We estimate less than 1% of the general population knows what to ask before considering investing in a company. paraphrased Warren Buffett, “Put your money in index funds and move on . . . Seriously, you’ll do better. That's what I plan to do with my own money once I am gone.” In short, buy index funds. Ample evidence proves the vast majority of investors would be considerably better off following this advice. Without unique knowledge, active investing is simply a guessing game.
Professional investors who achieve consistent success thoroughly assess every single company they buy, every single time. When the questions are answered completely, the analysis offers meaningful and often predictive data. There are no shortcuts, guessing, or gut-checking. When done right, these inquiries are likely to be an investor’s “Holy Grail.” But rarely are these questions asked—never mind answered.
The below from Sam Ro’s article in Business Insider illustrates historical returns from virtually every investment category—and how poorly individual investors fared. Before you start to say, “But this isn’t me.” Make note: individual investors make investments at high prices when the news is good, and sell investments at much lower prices when the news is bad. Actions are based on emotions not facts. Statistics show most professionals don’t fare much better.
The part-time investor’s quest is not unlike the amateur weekend flag football league player competing against a pro football team on Sunday—by himself. Successful wealth managers not only do rigorous analysis and evaluate a company from many angles, but, they focus 90% of their analysis on what could go wrong. Their livelihood depends on scouring for data that refutes their investment thesis and takes multiple factors into account. This is the antithesis of most part-time investors who focus the little research they actually have time for, on the positive or upside of their investment.
Most investors (particularly non-professionals, though the professionals may be guilty of this too) don’t have an investment thesis. The few who only seek data supporting their thesis without considering other scenarios, or, seldom consider the source of their information which, if it isn’t “new”, was already considered and priced into their investment. It is surprisingly easy to ignore information not in support of one’s own ideas—and be unaware of it.
A wiser strategy is to take money planned for the investment, hire a professional, and acquire one of the Dimensional Funds world indexes. Hold it for 10+ years. This approach is in line with Buffett’s advice and is much more likely to increase net worth versus trying to compete with professional investors who can answer these questions—or derive a series of complex answers from their teams.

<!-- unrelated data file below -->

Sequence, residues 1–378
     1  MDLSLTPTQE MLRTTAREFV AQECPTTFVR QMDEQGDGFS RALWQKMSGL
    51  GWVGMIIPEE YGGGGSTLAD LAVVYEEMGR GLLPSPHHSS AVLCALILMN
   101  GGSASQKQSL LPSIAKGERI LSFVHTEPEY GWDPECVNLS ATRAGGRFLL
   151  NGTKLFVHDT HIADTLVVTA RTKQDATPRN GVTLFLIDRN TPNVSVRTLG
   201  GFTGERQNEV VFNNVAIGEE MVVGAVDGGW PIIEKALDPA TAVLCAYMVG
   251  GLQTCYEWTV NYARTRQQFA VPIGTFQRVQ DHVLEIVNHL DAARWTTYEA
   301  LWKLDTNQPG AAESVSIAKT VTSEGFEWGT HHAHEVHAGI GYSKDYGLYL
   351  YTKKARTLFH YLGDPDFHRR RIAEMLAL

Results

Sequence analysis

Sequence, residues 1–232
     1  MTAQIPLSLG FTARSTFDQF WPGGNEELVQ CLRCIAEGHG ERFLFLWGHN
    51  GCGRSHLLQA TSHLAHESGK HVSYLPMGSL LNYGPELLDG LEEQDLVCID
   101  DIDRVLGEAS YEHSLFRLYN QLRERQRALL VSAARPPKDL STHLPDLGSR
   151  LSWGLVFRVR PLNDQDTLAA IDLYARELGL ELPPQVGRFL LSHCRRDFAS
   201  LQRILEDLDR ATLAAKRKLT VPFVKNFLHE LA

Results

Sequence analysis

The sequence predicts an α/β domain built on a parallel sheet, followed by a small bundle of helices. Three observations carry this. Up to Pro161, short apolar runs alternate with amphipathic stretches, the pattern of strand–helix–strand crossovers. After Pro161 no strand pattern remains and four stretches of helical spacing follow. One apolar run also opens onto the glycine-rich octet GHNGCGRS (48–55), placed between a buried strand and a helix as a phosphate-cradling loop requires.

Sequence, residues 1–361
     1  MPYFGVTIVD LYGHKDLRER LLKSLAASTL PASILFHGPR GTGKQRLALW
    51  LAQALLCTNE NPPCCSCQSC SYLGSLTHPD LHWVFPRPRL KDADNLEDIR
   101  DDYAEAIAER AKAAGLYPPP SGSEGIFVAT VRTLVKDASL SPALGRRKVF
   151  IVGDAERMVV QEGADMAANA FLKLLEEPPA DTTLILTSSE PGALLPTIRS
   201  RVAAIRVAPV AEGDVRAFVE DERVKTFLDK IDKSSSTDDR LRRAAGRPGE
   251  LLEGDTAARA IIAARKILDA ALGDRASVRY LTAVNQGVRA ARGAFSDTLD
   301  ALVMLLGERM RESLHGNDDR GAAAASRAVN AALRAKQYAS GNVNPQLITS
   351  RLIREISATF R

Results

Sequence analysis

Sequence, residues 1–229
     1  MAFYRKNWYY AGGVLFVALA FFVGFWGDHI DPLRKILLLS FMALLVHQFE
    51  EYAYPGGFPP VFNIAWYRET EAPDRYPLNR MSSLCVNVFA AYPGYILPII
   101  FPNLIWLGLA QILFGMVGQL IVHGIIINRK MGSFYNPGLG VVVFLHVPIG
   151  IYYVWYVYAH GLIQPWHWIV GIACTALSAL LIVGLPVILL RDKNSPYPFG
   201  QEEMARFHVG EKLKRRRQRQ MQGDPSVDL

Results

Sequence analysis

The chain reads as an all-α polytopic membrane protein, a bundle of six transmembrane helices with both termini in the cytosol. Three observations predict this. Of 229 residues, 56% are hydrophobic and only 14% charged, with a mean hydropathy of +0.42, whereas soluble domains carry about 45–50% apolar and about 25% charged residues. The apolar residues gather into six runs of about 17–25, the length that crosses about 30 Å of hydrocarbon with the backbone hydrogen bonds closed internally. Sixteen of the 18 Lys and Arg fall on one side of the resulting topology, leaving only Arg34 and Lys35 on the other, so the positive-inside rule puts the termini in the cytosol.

Why should an investor’s portfolio grow at less than the market’s return, simply because s/he was convinced spending two hours researching a specific stock based on one piece of data s/he found in a newspaper or magazine that the “herd” reads? To impulsively go forth rather than completing a full research analysis, which takes 100+ hours, is playing directly into the hands of the well-oiled financial propaganda machine. Remember, the only investment goal is increased net worth—that’s it.
The following questions are likely to improve investment performance drastically. Aside from answering them, taking the time to ask is not standard investment operating procedure—and that leaves you open to greater risk. We recommend knowing...
1. What is the “real value” of the investment?
What does mean? This is often an answer found on the balance sheet for most companies. However, newer companies which require less property plant and equipment (PPE) might require a cash-flow based analysis. And still other companies require a combination of both balance-sheet and cash-flow based analysis. Determining “real value” is at times an art. It will establish the downside. If all other assumptions are incorrect, what is this investment worth in liquidation? If the company has assets which are worth $100M (current and long and short-term assets – current and long and short-term liabilities) and the current enterprise value (market value – cash +debt) is only $50M, it is likely that you are on to something and you should continue to answer the next question.
2. How much am I likely to lose if I am wrong?
If you lose your capital, you can’t invest. If there is no crystal-clear answer on losses, hold off on investing in the company and classify it in the “too hard to figure it out box” (THTFOB). If there is more information later that provides an obvious answer, re-evaluate.